In August, General Kornilov attempted a coup which was not successful and this led to the masses rallying to the support of the Bolsheviks. It is important to note that the Bolsheviks had a program known as ‘peace, land and Bread’ which was very instrumental in ensuring that the citizens were supporting them. This led to the release of the imprisoned Bolsheviks and the safe return of Vladimir Lenin. With his return he led the October Revolution and used the slogan ‘All Power to the Soviets.’ This was enough to convince the citizens and Lenin led the overthrow of the Provisional Government between sixth and eight of November, 1917 from the Smolny Institute. However, this was not enough to start the administration of the Bolsheviks and the initialization of the Soviet rule and this would later be achieved through the storming and capitulation of the Palace Winter between the 7th and 8th November 1997. That was the day that the Soviet Rule was initiated in Russia (Lincoln, 1986).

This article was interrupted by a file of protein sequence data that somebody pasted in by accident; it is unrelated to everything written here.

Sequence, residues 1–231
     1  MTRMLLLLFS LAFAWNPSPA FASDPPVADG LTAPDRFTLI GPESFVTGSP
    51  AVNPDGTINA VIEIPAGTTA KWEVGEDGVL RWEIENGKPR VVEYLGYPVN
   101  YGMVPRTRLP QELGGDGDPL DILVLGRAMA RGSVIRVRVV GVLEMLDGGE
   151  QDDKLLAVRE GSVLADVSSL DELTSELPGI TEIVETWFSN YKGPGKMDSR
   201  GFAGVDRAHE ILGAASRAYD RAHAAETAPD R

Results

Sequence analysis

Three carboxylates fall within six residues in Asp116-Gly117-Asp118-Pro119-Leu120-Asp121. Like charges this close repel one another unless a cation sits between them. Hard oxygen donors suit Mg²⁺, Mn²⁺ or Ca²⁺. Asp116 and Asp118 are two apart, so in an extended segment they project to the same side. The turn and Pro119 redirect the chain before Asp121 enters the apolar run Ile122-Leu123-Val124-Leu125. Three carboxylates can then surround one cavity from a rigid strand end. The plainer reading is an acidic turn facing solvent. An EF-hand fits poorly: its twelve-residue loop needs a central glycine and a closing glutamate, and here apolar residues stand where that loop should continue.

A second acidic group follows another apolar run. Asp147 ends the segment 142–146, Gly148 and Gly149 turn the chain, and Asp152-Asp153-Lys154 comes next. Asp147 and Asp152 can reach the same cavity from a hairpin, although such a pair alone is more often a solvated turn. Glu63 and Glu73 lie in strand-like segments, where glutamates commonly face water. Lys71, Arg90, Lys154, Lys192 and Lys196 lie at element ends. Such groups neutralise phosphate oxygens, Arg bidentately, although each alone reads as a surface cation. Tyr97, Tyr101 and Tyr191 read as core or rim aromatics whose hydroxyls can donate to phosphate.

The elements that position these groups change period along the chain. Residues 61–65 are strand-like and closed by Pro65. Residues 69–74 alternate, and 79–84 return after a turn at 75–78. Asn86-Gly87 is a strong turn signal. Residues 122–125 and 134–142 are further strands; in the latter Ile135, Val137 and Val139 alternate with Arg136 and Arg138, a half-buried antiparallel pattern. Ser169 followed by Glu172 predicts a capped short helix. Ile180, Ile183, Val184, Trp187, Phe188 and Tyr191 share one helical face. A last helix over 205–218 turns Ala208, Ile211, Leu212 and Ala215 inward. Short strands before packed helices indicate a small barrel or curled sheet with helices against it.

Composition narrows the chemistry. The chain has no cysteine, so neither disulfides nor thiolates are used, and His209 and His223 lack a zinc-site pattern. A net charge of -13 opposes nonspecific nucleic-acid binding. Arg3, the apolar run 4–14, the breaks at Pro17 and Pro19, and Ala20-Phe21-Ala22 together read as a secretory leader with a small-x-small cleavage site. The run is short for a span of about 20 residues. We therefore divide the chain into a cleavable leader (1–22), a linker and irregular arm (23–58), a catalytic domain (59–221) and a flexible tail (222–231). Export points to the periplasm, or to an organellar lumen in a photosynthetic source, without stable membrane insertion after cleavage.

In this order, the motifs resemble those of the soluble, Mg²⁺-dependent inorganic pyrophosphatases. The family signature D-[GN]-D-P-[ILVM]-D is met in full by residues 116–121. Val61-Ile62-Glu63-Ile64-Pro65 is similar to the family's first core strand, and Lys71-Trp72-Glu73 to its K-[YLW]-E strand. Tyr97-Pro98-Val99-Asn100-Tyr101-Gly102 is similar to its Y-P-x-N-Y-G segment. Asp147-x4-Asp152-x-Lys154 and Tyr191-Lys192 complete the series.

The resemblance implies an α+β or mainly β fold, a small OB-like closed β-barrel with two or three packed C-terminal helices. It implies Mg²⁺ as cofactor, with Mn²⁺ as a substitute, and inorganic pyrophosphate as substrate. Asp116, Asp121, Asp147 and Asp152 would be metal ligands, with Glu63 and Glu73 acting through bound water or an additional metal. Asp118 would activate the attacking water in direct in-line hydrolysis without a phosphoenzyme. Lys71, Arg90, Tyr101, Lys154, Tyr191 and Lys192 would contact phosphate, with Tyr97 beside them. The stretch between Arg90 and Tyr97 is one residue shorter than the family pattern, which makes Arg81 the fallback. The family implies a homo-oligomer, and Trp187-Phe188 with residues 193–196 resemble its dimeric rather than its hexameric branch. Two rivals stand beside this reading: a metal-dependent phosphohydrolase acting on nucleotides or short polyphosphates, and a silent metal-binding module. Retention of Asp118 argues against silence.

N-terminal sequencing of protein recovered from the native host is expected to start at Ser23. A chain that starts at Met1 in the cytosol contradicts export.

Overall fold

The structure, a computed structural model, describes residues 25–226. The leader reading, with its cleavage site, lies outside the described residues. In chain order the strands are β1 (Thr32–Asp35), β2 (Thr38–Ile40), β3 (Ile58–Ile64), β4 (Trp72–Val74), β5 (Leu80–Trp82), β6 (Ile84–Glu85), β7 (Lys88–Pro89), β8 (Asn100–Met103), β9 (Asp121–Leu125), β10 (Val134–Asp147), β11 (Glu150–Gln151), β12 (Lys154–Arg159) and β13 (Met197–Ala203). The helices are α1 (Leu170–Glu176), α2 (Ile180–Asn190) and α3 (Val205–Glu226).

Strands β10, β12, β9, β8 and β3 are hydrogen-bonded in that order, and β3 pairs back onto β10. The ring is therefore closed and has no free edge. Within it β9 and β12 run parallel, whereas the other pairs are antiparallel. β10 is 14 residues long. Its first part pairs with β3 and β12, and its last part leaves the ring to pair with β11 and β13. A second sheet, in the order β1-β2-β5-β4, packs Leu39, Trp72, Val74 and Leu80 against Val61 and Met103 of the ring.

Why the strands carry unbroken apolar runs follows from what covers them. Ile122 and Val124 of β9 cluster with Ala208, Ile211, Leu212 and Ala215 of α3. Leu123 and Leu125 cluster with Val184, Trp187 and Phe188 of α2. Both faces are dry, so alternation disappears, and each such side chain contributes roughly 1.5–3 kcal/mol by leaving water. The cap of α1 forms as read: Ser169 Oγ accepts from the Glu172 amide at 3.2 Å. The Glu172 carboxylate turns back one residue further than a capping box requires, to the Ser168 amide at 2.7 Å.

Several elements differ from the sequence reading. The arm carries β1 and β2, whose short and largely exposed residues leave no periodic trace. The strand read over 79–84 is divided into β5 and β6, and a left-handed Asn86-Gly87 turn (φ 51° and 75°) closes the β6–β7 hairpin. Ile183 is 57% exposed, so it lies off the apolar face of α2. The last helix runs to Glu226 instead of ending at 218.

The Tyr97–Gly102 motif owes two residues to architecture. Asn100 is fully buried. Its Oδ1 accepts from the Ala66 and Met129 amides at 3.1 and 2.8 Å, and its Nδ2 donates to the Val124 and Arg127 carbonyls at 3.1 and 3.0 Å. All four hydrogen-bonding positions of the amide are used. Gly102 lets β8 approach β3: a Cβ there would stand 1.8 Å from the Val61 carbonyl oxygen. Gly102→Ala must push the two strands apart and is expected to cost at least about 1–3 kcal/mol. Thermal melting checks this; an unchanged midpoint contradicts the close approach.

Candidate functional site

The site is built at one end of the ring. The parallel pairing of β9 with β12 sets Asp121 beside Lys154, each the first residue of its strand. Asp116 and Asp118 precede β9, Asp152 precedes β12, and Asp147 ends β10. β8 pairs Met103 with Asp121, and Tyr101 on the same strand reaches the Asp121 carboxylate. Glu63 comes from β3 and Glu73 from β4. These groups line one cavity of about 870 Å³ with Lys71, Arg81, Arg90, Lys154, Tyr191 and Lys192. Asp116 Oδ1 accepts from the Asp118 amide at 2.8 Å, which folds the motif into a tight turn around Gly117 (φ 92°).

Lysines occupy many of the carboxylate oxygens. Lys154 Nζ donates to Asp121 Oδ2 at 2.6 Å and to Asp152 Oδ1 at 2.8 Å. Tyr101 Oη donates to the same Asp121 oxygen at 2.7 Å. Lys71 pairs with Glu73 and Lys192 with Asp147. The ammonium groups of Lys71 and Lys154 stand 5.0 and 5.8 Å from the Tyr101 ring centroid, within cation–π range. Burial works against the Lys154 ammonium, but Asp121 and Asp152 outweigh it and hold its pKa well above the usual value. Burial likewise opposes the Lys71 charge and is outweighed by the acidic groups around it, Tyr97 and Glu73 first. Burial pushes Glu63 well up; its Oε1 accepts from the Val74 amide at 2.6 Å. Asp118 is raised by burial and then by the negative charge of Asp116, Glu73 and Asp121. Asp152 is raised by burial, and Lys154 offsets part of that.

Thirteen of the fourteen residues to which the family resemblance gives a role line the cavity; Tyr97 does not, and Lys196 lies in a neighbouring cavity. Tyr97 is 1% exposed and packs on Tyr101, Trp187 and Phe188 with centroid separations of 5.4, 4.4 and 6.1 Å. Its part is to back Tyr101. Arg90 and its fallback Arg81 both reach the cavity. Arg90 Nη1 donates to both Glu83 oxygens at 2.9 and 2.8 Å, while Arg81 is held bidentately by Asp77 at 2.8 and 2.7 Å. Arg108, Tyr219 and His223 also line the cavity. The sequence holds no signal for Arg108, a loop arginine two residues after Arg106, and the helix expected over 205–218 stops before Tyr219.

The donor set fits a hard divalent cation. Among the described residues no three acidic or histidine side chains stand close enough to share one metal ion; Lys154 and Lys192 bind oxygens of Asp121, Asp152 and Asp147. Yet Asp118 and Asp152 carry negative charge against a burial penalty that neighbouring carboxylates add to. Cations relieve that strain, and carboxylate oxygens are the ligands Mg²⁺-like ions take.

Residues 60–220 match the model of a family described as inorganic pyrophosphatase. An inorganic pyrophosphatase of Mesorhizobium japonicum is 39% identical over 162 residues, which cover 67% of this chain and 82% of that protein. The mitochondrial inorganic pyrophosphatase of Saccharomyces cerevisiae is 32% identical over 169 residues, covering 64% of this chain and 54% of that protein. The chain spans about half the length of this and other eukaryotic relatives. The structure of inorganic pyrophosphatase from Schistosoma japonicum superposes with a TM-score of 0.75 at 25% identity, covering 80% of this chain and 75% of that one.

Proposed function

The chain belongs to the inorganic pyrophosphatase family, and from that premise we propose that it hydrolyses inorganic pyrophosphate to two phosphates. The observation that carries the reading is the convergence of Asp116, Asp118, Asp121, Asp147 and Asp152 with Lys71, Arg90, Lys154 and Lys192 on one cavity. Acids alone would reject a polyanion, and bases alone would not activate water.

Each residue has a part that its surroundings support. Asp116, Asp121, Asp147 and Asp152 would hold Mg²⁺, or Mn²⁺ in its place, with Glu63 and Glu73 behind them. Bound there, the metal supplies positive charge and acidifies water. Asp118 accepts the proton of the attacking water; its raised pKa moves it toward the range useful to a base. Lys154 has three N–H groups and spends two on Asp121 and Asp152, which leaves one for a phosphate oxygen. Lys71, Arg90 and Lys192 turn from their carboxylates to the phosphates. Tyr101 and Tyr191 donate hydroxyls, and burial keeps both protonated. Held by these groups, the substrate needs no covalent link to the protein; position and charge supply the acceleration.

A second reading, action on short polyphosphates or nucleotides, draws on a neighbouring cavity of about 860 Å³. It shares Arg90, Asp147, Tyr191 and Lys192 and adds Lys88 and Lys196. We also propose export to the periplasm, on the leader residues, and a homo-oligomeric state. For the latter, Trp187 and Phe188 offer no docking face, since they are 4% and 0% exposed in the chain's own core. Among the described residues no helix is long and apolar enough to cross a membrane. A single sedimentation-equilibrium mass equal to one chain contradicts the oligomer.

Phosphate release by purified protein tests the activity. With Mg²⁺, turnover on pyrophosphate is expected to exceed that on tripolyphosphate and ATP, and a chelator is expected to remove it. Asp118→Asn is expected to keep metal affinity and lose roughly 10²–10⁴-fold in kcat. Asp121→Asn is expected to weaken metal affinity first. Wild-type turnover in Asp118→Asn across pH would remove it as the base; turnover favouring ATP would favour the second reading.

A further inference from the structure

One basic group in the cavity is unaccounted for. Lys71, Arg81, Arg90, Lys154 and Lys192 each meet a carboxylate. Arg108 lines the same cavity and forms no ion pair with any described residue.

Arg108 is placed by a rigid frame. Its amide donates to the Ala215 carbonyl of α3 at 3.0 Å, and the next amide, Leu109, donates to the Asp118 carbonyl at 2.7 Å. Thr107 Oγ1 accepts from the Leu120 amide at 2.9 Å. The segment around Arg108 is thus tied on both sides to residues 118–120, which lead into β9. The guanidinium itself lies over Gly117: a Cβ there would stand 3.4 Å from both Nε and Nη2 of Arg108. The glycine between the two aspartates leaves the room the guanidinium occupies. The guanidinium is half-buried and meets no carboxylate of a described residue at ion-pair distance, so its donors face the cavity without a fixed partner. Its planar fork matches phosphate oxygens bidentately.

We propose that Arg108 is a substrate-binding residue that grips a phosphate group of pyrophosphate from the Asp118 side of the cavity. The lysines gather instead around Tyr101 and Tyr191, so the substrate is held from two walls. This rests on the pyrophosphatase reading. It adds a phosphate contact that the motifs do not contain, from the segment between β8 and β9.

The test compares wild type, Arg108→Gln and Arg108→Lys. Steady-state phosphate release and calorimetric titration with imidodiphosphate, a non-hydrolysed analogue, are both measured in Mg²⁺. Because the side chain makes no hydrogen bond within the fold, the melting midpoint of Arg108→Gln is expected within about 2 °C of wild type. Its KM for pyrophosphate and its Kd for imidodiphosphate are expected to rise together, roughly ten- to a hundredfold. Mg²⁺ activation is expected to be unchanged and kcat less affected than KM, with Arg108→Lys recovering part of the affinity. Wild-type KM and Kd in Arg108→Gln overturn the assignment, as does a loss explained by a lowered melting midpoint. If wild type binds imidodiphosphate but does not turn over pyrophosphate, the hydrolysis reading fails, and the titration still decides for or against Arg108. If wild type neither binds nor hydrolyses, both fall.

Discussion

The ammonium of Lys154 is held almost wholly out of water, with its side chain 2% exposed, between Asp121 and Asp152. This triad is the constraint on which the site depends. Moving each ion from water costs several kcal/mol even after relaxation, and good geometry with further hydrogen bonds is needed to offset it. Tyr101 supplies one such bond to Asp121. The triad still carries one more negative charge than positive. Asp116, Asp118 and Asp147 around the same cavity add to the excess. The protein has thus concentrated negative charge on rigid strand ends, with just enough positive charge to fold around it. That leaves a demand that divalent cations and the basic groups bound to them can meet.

Lenin’s story can show how leadership of a very strong country could be taken by the virtue of showing concern to the ordinary citizens. Lenin was later to be elected the leader of the government of Russia and this is because he used the masses to rally behind him. It is also important to note that Lenin used to introduce policies which ensured that everybody would benefit from the new government he was about to form. This can be evidenced by some of the slogans that he used which included the ‘peace, land and bread.’ However, most of his success can be attributed to the fact that he used the marginalized people also known as the peasants to show concern for the welfare of the ordinary citizen of the country (Steinberg, 2001).


Acton, E. & Vladimir, C. & William G. R. (Ed) (1997). A Critical Companion to the Russian Revolution, 1914–1921 Bloomington.

Fitzpatrick, S. (2001). The Russian Revolution.  Oxford University Press; 2nd Reissue edition.

Lincoln, W. B. (1986) Passage Through Armageddon: The Russians in War and Revolution, 1914–1918. New York.

Steinberg, M. (2001) Voices of Revolution, 1917. Yale University Press.